to Russia has been sharply reduced, while chemicals exports remain largely unaltered by sanctions.
By June 2022, all main commodity groups are imported at a magnitude equal to, or above the levels
one year ago. While oil and natural gas (Class 3) imports remains virtually unchanged, so does the
imports of food and fish and machinery, while there is a slight reduction in the imports of chemicals
and metals and paper products. But all in all, the reduction since invasion is only marginal.
Table 3 Trade with Russia by commodity class - GERMANY
Trade, mio EUR
2019-6
2020-6
2021-6
2022-1
2022-2
2022-3
2022-4
2022-5
2022-6
Total exports
2 064,5
1 932,9
2 077,8
2 137,2
2 120,7
1 019,0
828,2
1 123,3
1 184,9
0. Food, fish, etc
52,1
69,6
66,5
60,2
45,2
55,9
57,1
3. Mineral fuels, lubricants
12,3
12,4
14,8
4,2
4,9
7,2
9,1
5. Chemical products
470,7
522,3
525,0
468,3
313,1
433,0
423,0
6. Materials, metals, paper
213,9
201,6
209,0
105,9
79,8
110,4
112,8
7. Machinery, transp equip
1 064,9
1 073,1
1 059,6
252,2
274,1
383,2
435,8
Total imports
2 234,2
1 318,5
2 520,6
3 998,4
3 701,2
4 416,5
3 704,4
3 316,2
3 475,7
0. Food, fish, etc
24,1
20,9
41,0
25,1
27,9
42,8
26,6
34,1
35,6
3. Mineral fuels, lubricants
1 707,7
949,8
1 869,9
3 192,6
2 922,8
3 292,0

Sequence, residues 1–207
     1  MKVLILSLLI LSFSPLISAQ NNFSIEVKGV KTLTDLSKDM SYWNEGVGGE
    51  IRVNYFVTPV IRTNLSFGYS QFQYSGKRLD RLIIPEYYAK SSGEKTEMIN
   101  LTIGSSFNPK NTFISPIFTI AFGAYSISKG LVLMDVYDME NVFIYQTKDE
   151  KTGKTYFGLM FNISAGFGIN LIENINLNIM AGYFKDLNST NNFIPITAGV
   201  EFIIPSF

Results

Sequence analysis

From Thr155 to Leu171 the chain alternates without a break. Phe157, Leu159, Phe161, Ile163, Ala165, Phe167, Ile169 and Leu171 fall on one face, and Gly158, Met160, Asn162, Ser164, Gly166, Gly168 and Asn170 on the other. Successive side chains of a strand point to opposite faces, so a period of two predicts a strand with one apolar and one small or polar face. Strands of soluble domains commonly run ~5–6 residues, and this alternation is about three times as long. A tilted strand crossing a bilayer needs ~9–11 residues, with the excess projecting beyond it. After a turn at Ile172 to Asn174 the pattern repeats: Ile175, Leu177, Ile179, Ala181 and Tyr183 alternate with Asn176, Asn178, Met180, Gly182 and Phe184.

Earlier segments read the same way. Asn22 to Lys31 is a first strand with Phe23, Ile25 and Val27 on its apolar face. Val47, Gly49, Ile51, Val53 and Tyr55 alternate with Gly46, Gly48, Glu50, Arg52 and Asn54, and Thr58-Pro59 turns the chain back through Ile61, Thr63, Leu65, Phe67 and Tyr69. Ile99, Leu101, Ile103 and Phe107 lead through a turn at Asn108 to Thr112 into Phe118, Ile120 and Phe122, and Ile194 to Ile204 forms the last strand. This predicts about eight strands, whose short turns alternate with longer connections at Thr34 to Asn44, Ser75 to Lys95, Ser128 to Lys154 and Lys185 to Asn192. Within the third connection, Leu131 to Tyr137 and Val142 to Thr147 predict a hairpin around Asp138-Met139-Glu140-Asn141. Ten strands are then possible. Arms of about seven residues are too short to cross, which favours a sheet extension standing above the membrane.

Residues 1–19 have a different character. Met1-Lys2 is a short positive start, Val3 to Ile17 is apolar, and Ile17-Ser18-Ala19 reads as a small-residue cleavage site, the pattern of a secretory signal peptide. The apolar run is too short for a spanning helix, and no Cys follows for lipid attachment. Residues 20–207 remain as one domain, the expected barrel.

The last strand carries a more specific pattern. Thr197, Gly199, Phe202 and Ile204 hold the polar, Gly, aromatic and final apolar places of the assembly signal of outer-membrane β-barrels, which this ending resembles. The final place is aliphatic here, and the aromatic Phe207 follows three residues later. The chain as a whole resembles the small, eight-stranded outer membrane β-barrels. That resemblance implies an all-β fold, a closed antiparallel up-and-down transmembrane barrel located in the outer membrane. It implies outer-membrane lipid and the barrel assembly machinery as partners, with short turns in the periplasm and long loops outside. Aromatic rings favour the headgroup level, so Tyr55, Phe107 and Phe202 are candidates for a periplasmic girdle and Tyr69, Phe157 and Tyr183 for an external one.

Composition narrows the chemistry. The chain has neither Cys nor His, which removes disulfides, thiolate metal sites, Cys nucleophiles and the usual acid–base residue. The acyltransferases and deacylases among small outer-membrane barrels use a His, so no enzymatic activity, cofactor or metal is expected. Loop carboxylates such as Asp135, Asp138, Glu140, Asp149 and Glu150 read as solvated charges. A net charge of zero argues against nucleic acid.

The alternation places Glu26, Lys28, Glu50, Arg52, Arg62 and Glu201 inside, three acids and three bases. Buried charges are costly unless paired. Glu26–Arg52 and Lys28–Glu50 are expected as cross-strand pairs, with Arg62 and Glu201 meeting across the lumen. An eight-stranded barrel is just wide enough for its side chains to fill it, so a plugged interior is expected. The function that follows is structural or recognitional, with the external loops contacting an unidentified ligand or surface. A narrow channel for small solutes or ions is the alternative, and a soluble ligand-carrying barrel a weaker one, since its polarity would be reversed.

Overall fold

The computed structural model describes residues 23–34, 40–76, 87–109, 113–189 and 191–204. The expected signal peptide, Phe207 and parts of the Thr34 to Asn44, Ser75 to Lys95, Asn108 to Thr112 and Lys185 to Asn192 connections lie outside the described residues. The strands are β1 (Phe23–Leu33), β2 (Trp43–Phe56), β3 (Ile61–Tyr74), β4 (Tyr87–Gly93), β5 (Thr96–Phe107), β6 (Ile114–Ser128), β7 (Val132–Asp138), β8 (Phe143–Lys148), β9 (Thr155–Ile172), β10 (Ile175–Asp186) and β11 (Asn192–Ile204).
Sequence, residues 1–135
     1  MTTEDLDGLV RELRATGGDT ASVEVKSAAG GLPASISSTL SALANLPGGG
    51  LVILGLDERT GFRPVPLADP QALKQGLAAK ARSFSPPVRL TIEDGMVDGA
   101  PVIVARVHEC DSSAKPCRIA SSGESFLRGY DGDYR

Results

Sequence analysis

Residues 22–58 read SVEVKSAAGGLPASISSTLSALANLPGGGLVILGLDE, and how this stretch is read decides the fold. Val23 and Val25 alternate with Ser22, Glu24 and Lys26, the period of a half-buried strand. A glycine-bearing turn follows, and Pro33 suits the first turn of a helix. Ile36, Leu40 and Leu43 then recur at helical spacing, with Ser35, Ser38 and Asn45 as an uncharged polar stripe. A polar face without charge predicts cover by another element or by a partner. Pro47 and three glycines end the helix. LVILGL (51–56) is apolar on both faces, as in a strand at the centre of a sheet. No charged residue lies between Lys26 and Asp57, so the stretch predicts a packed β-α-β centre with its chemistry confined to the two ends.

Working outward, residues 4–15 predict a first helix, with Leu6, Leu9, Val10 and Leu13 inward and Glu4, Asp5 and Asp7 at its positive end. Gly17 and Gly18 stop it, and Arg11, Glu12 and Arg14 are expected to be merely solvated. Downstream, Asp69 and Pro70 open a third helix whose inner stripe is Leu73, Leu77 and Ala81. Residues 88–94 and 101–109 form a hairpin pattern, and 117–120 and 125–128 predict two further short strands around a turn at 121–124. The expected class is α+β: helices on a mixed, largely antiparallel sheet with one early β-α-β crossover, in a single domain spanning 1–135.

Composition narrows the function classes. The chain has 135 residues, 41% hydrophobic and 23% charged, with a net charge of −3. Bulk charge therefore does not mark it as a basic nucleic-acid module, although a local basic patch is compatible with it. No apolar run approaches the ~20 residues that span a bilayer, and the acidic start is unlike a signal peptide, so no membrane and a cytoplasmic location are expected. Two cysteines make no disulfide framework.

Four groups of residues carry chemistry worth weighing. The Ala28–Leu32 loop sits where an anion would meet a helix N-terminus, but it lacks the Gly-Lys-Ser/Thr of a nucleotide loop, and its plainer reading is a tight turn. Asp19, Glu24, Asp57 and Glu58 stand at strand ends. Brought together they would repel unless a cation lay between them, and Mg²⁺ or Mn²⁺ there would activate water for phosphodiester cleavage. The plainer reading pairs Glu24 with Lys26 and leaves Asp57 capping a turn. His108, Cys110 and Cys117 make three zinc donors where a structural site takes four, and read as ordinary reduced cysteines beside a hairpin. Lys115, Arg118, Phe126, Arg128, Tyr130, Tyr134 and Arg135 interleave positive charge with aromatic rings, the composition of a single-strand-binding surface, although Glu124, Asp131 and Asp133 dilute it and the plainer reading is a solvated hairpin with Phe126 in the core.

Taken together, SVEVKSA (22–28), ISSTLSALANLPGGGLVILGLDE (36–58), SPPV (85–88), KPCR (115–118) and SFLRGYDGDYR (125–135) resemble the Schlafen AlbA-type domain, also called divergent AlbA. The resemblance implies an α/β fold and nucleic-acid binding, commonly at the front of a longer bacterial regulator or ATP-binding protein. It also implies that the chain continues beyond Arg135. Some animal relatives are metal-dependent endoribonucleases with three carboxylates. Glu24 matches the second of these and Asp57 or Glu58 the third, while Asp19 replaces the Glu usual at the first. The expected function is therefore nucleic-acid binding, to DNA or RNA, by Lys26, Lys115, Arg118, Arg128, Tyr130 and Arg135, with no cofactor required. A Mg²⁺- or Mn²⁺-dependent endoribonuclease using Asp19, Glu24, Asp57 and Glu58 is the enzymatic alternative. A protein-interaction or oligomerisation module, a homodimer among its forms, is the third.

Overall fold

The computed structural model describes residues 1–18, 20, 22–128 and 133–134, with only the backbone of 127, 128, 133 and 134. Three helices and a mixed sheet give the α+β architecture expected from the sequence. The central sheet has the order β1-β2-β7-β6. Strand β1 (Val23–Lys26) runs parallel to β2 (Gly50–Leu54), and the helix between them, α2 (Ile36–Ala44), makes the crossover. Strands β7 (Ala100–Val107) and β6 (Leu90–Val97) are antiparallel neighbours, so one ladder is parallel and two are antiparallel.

3 062,5
2 599,6
2 712,4
5. Chemical products
50,8
27,1
46,7
97,3
71,6
73,1
65,0
48,1
54,4
6. Materials, metals, paper
334,4
216,3
388,7
405,6
472,8
746,3
368,0
362,8
468,3
7. Machinery, transp equip
31,2
39,0
32,7
28,1
48,4
33,1
13,3
27,1
22,1
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5.4. The Netherlands trade with Russia by commodity class
The Netherlands released trade data for June on September 2nd, 2022, after the first version of this
report was released.
The Netherlands imports first of all oil (SITC Class 3), and substantial amounts of metals and other
semi-finished products (Class 6). The Netherlands has not traditionally purchased Russian fertilizers.
The imports of natural gas and chemical products are historically only marginal. The Netherlands
have traditionally imported small quantities of coal, but abandoned this import in June, 2020.